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Strategies of Model Building in Population Genetics
Philosophy of Science
Vol. 73, No. 5, Proceedings of the 2004 Biennial Meeting of The Philosophy of Science AssociationPart II: Symposia PapersEdited by Miriam Solomon (December 2006), pp. 755-764
Stable URL: http://www.jstor.org/stable/10.1086/518631
Page Count: 10
You can always find the topics here!Topics: Evolution, Model making, Population genetics, Genetics, Genetic mutation, Parametric models, Modeling, Mathematical modeling, Mathematical expressions, Mathematical empiricism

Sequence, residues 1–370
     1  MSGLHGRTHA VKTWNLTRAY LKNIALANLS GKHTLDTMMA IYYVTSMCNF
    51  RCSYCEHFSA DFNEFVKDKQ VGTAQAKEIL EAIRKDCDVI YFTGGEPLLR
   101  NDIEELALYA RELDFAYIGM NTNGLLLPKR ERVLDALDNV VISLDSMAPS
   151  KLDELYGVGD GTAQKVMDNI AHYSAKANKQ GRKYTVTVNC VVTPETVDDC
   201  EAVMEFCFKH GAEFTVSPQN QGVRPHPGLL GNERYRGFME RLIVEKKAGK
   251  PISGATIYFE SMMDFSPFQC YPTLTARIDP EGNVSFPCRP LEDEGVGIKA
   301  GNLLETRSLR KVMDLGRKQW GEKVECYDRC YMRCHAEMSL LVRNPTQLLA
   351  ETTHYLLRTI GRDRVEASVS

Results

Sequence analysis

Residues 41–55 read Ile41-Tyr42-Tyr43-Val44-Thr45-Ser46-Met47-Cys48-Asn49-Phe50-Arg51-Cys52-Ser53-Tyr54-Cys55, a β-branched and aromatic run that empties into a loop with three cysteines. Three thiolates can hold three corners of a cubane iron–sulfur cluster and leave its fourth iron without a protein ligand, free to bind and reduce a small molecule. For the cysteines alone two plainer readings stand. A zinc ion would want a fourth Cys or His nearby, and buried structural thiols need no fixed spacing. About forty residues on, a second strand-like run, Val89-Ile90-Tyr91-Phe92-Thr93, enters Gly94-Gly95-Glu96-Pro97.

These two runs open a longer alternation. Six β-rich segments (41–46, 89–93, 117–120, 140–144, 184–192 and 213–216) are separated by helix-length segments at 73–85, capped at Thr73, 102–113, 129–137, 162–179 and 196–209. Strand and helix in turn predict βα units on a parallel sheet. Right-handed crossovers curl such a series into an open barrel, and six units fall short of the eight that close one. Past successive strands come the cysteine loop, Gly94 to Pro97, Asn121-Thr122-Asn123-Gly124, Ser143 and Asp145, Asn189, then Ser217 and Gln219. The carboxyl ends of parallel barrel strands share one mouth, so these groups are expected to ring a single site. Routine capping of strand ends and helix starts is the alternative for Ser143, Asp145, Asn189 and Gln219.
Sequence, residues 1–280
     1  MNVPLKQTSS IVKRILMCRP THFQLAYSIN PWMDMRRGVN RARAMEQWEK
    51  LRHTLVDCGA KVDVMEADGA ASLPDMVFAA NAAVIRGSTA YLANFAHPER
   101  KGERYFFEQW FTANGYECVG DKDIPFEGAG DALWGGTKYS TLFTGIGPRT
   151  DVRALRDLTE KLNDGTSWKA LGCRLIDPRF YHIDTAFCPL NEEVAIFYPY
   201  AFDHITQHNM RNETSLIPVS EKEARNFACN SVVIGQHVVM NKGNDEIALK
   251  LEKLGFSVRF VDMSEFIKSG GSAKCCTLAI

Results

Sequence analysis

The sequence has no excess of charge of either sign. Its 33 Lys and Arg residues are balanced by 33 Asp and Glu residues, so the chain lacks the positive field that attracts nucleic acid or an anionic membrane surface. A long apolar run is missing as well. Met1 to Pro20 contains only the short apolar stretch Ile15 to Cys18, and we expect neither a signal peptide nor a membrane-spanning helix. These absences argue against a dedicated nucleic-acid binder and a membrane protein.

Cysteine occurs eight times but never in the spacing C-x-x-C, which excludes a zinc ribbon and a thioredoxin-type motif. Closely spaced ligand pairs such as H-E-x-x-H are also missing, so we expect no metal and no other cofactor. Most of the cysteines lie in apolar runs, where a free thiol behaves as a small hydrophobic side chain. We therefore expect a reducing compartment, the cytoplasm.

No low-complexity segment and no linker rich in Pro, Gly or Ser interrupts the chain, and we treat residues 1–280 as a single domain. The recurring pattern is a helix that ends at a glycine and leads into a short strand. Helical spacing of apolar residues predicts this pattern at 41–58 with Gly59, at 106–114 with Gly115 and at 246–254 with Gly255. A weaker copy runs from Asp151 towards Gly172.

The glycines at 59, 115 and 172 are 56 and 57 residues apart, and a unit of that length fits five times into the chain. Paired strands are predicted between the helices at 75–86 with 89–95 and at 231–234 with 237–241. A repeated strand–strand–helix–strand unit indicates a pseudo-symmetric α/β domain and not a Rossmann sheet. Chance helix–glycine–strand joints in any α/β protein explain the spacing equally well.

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In 1966, Richard Levins argued that there are different strategies in model building in population biology. In this paper, I reply to Orzack and Sober’s (1993) critiques of Levins and argue that his views on modeling strategies apply also in the context of evolutionary genetics. In particular, I argue that there are different ways in which models are used to ask and answer questions about the dynamics of evolutionary change, prospectively and retrospectively, in classical versus molecular evolutionary genetics. Further, I argue that robustness analysis is a tool for, if not confirmation, then something near enough, in this discipline.
Copyright 2006 by the Philosophy of Science Association. All rights reserved.